World Water Day Highlights Crisis in Asia

Pakistani women carry water in jerrycans on their heads in a slum area of Lahore. (Arif Ali/AFP/Getty Images)

While the rising cost of food stokes fears of an impending food crisis in Asia, the region is also grappling with another ongoing worry: water scarcity. Both problems are closely related and water scarcity has a direct, and often immediate, effect on both national and global food security. The agricultural sector is the heaviest user of water, on average consuming 70 percent of a country's available water supply to fuel crop production.

Today, countries around the world are marking World Water Day to raise awareness of the global water crisis. This year, World Water Day focuses particular attention on water in cities. Asia is an especially important region in this context. Currently, one of out of five people in Asia—this is equal to roughly 700 million Asians—does not have access to clean water. Six out of the world's ten largest megacities (cities with a population of more than 10 million people) are located in Asia, and with the urban population in Asia expected to grow by an astonishing 60 percent in the next 15 years, securing adequate water supplies to meet a city's daily needs represents one of the region’s most enormous challenges. 

Meeting the needs of a rapidly growing and urbanizing population Asia, however, is just part of the water scarcity equation in Asia. Asia is struggling to contain water pollution that is common in many of the region’s cities and groundwater extraction rates are overtaking available supply in many areas. Meanwhile, irrigation systems in many of Asia’s rural areas suffer from waste and inefficiency. It is estimated that only 40% of water used for agriculture is put to productive use. As such, the core of the problem is often not availability, but poor water governance and management.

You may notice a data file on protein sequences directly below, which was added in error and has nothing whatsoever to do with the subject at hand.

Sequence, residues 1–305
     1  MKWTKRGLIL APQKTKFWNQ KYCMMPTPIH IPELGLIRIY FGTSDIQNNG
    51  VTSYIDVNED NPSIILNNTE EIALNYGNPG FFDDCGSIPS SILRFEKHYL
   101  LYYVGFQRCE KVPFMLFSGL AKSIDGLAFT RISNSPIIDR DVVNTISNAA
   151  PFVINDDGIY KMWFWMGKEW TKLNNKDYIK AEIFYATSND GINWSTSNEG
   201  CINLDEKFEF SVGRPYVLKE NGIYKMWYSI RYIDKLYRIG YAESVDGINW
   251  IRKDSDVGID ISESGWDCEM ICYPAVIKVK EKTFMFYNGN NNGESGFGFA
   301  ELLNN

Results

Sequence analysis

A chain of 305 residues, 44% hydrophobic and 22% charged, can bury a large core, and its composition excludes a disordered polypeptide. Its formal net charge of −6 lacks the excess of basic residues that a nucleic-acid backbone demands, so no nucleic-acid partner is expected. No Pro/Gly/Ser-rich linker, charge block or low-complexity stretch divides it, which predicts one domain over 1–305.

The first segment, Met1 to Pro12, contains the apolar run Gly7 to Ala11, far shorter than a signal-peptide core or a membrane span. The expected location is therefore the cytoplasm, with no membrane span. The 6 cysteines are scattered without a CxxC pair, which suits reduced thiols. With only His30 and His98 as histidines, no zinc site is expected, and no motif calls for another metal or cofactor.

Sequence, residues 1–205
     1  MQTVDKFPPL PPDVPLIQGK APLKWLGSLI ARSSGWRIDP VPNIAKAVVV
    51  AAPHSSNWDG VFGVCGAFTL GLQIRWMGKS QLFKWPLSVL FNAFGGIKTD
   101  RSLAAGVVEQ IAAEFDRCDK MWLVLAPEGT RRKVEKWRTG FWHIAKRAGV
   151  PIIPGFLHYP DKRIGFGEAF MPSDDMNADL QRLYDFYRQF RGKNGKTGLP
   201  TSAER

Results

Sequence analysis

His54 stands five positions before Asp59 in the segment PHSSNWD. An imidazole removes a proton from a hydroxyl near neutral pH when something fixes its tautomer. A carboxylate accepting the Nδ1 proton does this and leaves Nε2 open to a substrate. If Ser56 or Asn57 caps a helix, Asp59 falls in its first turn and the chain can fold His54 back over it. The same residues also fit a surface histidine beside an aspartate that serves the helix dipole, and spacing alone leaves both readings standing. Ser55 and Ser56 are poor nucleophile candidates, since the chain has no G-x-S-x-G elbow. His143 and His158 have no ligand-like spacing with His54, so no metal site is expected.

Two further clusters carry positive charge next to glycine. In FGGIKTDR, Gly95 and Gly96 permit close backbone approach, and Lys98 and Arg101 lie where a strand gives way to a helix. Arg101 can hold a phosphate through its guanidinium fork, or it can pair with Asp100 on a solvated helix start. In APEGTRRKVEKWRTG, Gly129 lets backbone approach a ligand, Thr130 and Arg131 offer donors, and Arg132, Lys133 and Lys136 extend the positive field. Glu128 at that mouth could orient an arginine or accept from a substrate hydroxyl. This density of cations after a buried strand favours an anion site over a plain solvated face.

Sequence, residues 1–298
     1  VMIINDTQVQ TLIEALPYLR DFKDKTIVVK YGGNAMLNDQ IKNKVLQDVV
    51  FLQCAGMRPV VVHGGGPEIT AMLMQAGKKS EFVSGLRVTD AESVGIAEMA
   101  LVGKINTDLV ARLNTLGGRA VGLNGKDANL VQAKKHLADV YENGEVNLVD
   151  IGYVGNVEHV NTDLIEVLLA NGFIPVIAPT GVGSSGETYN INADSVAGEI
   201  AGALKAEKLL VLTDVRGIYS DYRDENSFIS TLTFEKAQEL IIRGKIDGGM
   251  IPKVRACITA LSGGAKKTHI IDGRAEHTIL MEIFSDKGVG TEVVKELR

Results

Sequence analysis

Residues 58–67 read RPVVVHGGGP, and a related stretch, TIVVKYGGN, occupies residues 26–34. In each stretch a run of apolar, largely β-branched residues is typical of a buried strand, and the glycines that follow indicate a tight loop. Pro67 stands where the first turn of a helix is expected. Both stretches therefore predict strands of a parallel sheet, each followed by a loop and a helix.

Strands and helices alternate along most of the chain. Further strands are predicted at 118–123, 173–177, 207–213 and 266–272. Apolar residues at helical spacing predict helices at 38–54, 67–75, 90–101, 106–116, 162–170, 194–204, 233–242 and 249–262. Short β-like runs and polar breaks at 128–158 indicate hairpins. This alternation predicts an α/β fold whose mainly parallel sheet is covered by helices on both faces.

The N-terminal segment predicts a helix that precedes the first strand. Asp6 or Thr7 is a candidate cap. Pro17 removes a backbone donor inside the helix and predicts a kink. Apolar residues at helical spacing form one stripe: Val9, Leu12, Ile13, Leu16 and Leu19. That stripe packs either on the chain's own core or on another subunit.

Ensuring safe and adequate supplies of water will not only ensure healthy and productive populations in Asia’s cities, but will also provide safeguards against growing food insecurity throughout the region. In an April 2009 report, Asia's Next Challenge: Securing the Region’s Water Future, the Asia Society’s Leadership Group on Water Security outlined the many consequences that reduced access to fresh water will have. In addition to impaired food production, water scarcity could result in the loss of livelihood security, large-scale migration within and across borders, and increased geopolitical tensions and stabilities. Over time, these effects could have a profound impact on security throughout the region.

To address these challenges, the Leadership Group's report outlines a ten-point agenda to avert a water crisis in Asia. Among the many possible solutions, one thing is clear: city, state, and national leaders in Asia must raise the profile of water security higher on their political and development agendas if they are to meet current and future demands for water. At the same time, exploring ways to raise and sustain the productivity of farmers in ways that conserve water is crucial to ensuring food security in Asia. Only then can both food and water security be achieved.

Related video: Water: Asia's Next Challenge

To learn more about what Asia Society is doing to address water security in Asia, visit

You Might Also Enjoy:
The Himalayan Glaciers & Asia’s Looming Water Crisis
Interactive Panoramas of Glaciers
On Thinner Ice